“I can’t believe this,” said a frustrated Brooks, staring out from the bridge at the nearby dock.

Brooks fired off an e-mail to a United Nations official in New York City who days ago told Brooks to contact him if he needed help.

Another SOS went out to the office of U.S. Rep. Chellie Pingree, D-Maine, whose staff contacted the State Department in a last-ditch attempt to break the deadlock before government offices here and in the United States closed for the weekend.

But by late in the day, no word had come back. And it appeared that, as has happened so many times since Sea Hunter left Portland Harbor, a one-day delay was about to become three days, or four – or more.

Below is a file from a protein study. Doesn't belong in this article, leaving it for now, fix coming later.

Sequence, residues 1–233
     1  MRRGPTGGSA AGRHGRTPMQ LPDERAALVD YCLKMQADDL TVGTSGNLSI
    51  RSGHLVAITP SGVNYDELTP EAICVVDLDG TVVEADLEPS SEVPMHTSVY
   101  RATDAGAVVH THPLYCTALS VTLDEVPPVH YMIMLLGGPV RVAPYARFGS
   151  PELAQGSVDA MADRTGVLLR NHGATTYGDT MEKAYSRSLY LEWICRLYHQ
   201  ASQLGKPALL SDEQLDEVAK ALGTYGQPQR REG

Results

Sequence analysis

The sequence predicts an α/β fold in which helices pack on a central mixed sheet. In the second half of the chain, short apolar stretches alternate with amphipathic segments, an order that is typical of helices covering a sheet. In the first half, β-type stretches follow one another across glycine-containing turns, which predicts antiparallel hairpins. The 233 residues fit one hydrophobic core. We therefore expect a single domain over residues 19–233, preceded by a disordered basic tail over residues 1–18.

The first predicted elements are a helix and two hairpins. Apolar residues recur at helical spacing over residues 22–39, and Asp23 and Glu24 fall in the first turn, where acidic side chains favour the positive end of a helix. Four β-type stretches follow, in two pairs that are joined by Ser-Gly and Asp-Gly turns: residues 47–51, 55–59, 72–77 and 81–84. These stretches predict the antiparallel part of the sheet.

Enter Pastor Bob.

He arrived in Miragoane late Friday afternoon from the Light and Peace Mission in Bon Repos, a community just outside Port-au-Prince.

His goal: to claim the water desalinator donated to his church and orphanage by New Jersey-based WorldWater & Solar Technologies.

The 6,000-pound device came to Sea Hunter via Cross International, a Florida-based charity that also filled the 20 containers with supplies for Hope Village.

“I come to you!” Pastor Bob boomed over the radio after confirming from the nearby dock that the desalinator was aboard.

The rowboat returned. Aboard this time was a local customs official, two immigration officers (who also had come and gone earlier in the day) and, smiling and waving from the tiny vessel’s stern, Pastor Bob.